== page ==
Roof purlins are another important element of a steel hall. They provide the foundation for the roofing elements (trapezoidal sheet metal, sandwich panels). The purlins can either be laid on the roof girders or span between them. They can be designed as continuous beams, multi-span beams as well as free-supported beams. If the frame spacing is less than 8 m, then the purlin can be made of IPE or HEA hot-rolled sections. If the purlin is to span 8-15 m, then these elements are made as trusses. Their forming differs significantly. Square tube sections, round tube sections, I-sections (usually HEA) can be used. A truss structure, with significant spans, will always be a lighter solution than a rolled or welded beam. Steel hall elements are now being designed in such a way that material consumption per m2 is as economical as possible. The use of purlins made from cold-formed sheets (Z sections, channels, sigma sections) allows the weight of the structure to be significantly reduced. However, it is more expensive and requires more calculations at the section selection stage. Some simplification and convenience is provided by calculators or tables offered by manufacturers to select the right section. Steel with a yield strength of 355MPa (S355) or S350 in the case of cold-formed sections is used.

It was mentioned earlier that the stability of the main frame of the steel hall is ensured by using a rigid connection at the corner while articulating the columns on the footings. It is worth asking what provides rigidity to the frame from its plane? In other words, what causes the main frame to remain upright despite the articulated support on the footings? The elements responsible for this are the wall bracing system, the roof bracing system (the so-called transverse slope brace) and the vertical longitudinal braces. These are steel hall elements usually made in the shape of an “X”, located in the pre-frame fields of the hall (between the second and third frames counting from the ends of the hall). In most cases, these are made of D12÷D30 solid bars, which can only transmit tensile forces. For this reason, it makes sense to make them from S355 steel, which has precisely the higher tensile strength than, for example, S235 steel. Storage halls and production halls are often equipped with overhead cranes or cranes suspended from the roof structure. This is due to the need to transport stored components, manufactured goods or repair heavy process equipment that needs to be dismantled and sent for servicing. During the repeated passes of the crane along the hall, dynamic loads are generated, causing changes in the stresses in the hall structure. For this reason, the bracing in such halls is made of bars that can also transmit compressive forces in addition to tension. In such situations, square tube or round tube sections are used. This eliminates the need for frequent tensioning of the flaccid bar bracing made of solid bar. A more detailed description of the steel hall bracing system can be found in the Investor Guide. Considering the overhead cranes and internal handling, mention should be made of elements that are not always present in a steel hall, namely the crane beams on which the crane moves (if present). They are generally single-span elements with a free-supported beam design. They are made from HEB or HEA wide-roof sections and, for higher crane capacities, also from welded I-sections.  S235 steel can be used because, due to the static scheme, it is usually the deflection of the beam that is decisive and not its load-bearing capacity.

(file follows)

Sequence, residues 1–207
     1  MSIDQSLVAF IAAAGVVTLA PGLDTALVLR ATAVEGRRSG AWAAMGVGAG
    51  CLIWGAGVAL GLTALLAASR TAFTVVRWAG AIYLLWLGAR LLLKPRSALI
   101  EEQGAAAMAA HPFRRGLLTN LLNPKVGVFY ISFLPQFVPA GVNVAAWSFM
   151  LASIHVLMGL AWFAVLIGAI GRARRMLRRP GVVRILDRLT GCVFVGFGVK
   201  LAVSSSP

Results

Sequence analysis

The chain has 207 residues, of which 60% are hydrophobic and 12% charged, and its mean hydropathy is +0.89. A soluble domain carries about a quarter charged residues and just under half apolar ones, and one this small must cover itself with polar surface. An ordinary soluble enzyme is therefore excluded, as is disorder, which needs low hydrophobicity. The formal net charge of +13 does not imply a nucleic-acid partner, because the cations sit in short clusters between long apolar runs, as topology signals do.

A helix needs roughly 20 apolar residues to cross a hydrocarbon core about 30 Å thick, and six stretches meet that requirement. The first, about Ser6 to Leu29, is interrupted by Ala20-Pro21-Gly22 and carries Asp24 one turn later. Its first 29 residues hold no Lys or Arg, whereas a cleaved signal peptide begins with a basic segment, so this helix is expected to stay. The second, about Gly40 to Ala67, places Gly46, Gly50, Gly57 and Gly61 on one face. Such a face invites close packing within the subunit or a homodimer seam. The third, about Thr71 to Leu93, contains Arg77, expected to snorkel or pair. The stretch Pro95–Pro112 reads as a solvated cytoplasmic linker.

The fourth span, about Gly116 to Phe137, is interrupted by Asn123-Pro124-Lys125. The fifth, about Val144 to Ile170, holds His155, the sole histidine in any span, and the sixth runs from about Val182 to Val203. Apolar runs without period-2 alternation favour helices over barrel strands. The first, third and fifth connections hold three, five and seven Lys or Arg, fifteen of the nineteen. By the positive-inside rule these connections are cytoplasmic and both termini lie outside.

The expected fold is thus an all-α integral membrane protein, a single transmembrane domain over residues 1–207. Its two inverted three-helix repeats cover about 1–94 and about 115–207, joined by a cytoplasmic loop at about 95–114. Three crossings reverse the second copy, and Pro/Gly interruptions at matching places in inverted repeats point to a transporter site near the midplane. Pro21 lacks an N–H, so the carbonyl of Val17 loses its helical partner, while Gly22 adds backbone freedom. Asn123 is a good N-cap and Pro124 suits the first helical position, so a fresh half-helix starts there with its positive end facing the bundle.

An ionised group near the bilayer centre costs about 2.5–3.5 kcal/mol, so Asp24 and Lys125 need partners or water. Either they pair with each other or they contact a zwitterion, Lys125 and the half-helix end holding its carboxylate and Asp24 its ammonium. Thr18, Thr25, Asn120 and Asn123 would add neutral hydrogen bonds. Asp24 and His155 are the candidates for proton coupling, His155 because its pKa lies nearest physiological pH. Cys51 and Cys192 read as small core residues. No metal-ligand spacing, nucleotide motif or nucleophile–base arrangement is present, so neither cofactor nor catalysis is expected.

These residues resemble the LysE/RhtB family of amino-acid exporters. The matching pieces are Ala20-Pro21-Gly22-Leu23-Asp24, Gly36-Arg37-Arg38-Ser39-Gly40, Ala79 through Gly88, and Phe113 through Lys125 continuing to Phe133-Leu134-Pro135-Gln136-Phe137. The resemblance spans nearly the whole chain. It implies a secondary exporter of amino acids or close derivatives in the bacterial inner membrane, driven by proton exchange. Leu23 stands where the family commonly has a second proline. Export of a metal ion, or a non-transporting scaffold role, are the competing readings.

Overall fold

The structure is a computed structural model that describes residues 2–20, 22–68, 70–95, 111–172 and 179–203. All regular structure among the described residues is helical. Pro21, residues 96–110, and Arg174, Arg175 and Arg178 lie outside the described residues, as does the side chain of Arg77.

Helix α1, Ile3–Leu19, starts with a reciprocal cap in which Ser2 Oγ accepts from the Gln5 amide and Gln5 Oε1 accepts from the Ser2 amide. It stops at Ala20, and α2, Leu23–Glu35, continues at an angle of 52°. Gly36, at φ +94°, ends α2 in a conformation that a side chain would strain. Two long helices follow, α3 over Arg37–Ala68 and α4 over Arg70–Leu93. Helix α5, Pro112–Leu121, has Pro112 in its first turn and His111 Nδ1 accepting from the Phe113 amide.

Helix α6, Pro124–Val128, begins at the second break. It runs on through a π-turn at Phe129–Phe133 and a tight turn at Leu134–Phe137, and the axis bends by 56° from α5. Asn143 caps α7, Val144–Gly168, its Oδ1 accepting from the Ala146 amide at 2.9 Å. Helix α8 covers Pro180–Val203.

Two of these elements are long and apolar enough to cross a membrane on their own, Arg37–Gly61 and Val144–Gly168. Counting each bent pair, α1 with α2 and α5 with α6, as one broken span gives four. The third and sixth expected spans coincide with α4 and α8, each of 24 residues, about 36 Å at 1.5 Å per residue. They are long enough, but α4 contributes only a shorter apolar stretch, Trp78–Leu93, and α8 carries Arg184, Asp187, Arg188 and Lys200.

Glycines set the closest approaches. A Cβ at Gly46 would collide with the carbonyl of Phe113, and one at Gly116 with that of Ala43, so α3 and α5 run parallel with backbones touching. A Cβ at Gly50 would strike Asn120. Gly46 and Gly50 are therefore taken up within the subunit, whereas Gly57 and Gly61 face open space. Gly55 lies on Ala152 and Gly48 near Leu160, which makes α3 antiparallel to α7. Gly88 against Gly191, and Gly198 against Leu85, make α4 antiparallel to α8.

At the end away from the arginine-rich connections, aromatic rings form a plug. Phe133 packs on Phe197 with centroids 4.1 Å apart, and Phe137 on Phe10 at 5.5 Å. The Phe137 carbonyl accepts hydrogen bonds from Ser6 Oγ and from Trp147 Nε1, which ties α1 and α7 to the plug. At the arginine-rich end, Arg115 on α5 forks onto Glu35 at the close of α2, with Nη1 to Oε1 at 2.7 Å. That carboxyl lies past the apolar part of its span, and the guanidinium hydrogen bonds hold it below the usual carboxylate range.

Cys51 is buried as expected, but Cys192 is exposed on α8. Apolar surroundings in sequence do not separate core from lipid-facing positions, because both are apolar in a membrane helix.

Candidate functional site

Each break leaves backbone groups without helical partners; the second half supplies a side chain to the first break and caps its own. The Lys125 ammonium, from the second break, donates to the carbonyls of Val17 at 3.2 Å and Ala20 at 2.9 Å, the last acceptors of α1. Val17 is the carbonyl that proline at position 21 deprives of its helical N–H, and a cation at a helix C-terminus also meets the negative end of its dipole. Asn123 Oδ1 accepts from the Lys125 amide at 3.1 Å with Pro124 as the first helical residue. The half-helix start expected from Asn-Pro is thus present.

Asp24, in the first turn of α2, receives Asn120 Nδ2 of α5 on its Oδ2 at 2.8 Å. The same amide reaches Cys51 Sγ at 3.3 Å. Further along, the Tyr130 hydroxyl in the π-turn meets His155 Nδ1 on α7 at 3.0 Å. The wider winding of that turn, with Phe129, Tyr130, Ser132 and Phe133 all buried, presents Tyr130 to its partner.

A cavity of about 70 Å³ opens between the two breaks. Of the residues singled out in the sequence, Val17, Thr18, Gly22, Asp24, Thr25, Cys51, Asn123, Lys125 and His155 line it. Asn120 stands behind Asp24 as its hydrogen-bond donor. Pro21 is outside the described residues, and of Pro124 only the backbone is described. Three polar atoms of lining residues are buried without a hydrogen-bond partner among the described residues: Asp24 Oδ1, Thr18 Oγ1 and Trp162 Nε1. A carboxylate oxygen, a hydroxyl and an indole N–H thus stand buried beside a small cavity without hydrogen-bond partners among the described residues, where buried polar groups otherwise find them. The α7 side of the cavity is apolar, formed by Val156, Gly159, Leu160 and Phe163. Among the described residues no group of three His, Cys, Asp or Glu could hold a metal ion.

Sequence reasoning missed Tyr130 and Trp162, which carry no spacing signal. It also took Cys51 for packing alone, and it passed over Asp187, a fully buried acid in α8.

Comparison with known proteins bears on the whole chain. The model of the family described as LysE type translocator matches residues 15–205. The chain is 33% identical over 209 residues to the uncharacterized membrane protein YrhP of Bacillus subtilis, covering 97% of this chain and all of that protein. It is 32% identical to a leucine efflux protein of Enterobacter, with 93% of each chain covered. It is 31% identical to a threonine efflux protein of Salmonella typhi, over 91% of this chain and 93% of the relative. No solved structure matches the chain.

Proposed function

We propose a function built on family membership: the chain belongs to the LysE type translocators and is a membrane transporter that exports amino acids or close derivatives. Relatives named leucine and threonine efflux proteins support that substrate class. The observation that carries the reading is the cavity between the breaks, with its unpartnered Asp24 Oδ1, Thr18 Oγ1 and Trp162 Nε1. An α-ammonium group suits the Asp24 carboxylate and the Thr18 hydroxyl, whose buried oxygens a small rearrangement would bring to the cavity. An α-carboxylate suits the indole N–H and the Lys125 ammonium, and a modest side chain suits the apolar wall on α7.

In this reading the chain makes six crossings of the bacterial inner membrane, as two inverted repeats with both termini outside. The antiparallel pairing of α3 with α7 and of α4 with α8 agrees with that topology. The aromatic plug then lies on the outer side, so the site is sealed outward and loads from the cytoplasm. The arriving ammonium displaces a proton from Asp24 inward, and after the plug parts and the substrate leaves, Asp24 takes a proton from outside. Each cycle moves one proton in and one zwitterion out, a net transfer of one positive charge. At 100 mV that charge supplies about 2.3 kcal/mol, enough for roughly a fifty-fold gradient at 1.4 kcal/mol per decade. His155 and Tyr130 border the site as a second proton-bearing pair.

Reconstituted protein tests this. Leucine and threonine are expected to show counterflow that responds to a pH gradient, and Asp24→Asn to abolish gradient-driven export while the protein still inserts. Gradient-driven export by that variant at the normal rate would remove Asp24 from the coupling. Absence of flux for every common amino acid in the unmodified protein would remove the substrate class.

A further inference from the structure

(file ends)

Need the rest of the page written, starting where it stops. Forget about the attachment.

Gable wall columns are vertical elements located in the extreme frame of the hall. At the base, they are articulated at the footings and their apex is also articulated to the roof transom (the so-called wishbone column).  These elements play several important roles in the design. They support the gable wall rafter, which results in the gable wall rafters having the static scheme of a multi-span beam and therefore can be made of much smaller sections (usually HEA) than the rafters of the more heavily loaded internal frames. In addition, the columns of the end frames take up the load from the wind blowing on the gable wall (wind pressure and wind suction). They also act as support for the hall shell. Gable wall columns are usually designed from hot-rolled HEA sections in S235 or S355 steel.

A transom structure is a steel hall element made of square or rectangular tubes, located between the main frames and between the gable wall columns. They are used to support the hall cladding (mainly with vertical cladding), but also as supports for wall, door and gate framing. These components are made from S235JR steel. For this group of components, there is no need for higher steel grades, as their load-bearing capacity is usually not heavily utilised.

All of the aforementioned elements are prefabricated in the steel construction factory and then transported to the construction site as so-called ‘shipping elements’. A hall made of prefabricated shipping elements can be assembled in a very short time, using screws, and thus quickly put into use.